We all know that spending too much time on our social channels can lessen our productivity, but a diabetes forum where people share best practices on how to combat the disease is using technology to make people healthier.

And that’s the main point. Technology for the sake of technology is not enough. Technological disruption must make it easier for people to exercise, eat healthy, and support a proper work/life balance.

Leveraging technology will require the health care industry to face several challenges that will be instrumental to success:

  • The health workforce must become highly skilled in technology – Consumers are much more sophisticated due to their wide embrace of technology, from how they manage their financial portfolios to what they buy online, and health care needs to catch up. The health care workforce must not only expand its technical skill set to capitalize on disruptions caused by technology but also improve its understanding of the consumer, who is getting even smarter about their health through technology. As more advanced technology is integrated into care delivery models and the cloud becomes more commonly used, care professionals of all levels must receive the training they need to maximize new technologies that help them better serve their patients.
  •  Providers must expand skills sets beyond the clinical – Given how science is being digitized, factors like emotional intelligence and communication skills will become more crucial as technology alters the role of the provider. It’s not just using technology; it’s being able to find patterns in the data generated by technology. Identifying an action from the data analysis that can lead to a better health outcome is a must.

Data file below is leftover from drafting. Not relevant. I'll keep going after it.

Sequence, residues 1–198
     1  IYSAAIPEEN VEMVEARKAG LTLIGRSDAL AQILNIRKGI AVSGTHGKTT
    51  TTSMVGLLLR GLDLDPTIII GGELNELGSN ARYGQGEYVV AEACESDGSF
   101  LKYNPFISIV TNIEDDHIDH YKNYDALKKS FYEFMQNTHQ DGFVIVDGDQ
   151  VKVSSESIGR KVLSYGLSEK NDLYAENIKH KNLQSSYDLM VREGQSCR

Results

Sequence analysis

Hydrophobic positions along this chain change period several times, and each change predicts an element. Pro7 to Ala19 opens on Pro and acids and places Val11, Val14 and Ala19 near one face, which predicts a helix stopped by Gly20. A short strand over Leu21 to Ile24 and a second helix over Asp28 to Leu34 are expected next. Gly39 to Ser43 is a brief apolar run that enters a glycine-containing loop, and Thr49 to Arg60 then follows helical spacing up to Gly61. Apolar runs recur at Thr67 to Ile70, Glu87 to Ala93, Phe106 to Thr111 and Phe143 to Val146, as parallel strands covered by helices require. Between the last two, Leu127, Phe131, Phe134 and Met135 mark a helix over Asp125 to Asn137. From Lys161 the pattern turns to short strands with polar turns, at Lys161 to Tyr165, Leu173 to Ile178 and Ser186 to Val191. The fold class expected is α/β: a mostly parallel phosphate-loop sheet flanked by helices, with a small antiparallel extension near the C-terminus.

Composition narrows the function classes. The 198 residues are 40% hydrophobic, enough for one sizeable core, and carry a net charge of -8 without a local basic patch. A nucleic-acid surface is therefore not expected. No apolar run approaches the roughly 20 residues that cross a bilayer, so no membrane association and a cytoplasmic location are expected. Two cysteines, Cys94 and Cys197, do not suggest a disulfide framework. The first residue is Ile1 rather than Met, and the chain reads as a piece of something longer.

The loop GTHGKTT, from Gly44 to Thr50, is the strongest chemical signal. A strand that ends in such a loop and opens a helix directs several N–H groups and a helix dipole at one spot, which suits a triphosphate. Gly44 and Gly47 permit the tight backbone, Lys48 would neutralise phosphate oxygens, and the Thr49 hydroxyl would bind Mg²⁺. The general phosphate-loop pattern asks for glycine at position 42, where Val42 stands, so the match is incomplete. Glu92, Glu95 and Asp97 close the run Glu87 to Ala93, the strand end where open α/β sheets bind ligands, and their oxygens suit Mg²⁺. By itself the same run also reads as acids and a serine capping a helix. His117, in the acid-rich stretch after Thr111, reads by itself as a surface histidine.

•  Partnerships with providers will offer more robust use of technology – Technology and analytics requires significant expertise and resources, therefore, leading providers should seek vendors and partners that advance their clinical model. Traditionally, billing systems and EMR technology has been the common solution. The future partners will include examples like sophisticated consumer and clinical analytic models, interoperability connections, population health management, remote monitoring technology or consumer engaging mobile applications.
  •  Machines must evolve from transactions to relationship building – It’s time to expand beyond devices that count steps, calories and monitoring blood pressure. Brynjolfsson and McAfee astutely address the importance of evolving from transactions to relationship building with the consumer and taking the complexity to the back of the system so a simpler, more meaningful relationship will rise up, enabling the individual to better manage their health.
  • Integration is essential for better health – Take the hundreds of millions of health care claims that are processed each year, which yield a significant amount of individual health and lifestyle information. As these systems evolve and collect more and more health data, the integration of these systems will be critical in identifying a moment of influence where technology can make a true difference in the health of the consumer. It’s not just the way the systems collect the data; it’s the integration of these systems that must take place.

Where Do We Go From Here?
Evolutions in technology will continue to disrupt care models and help the care industry transform itself in a consumer-driven model.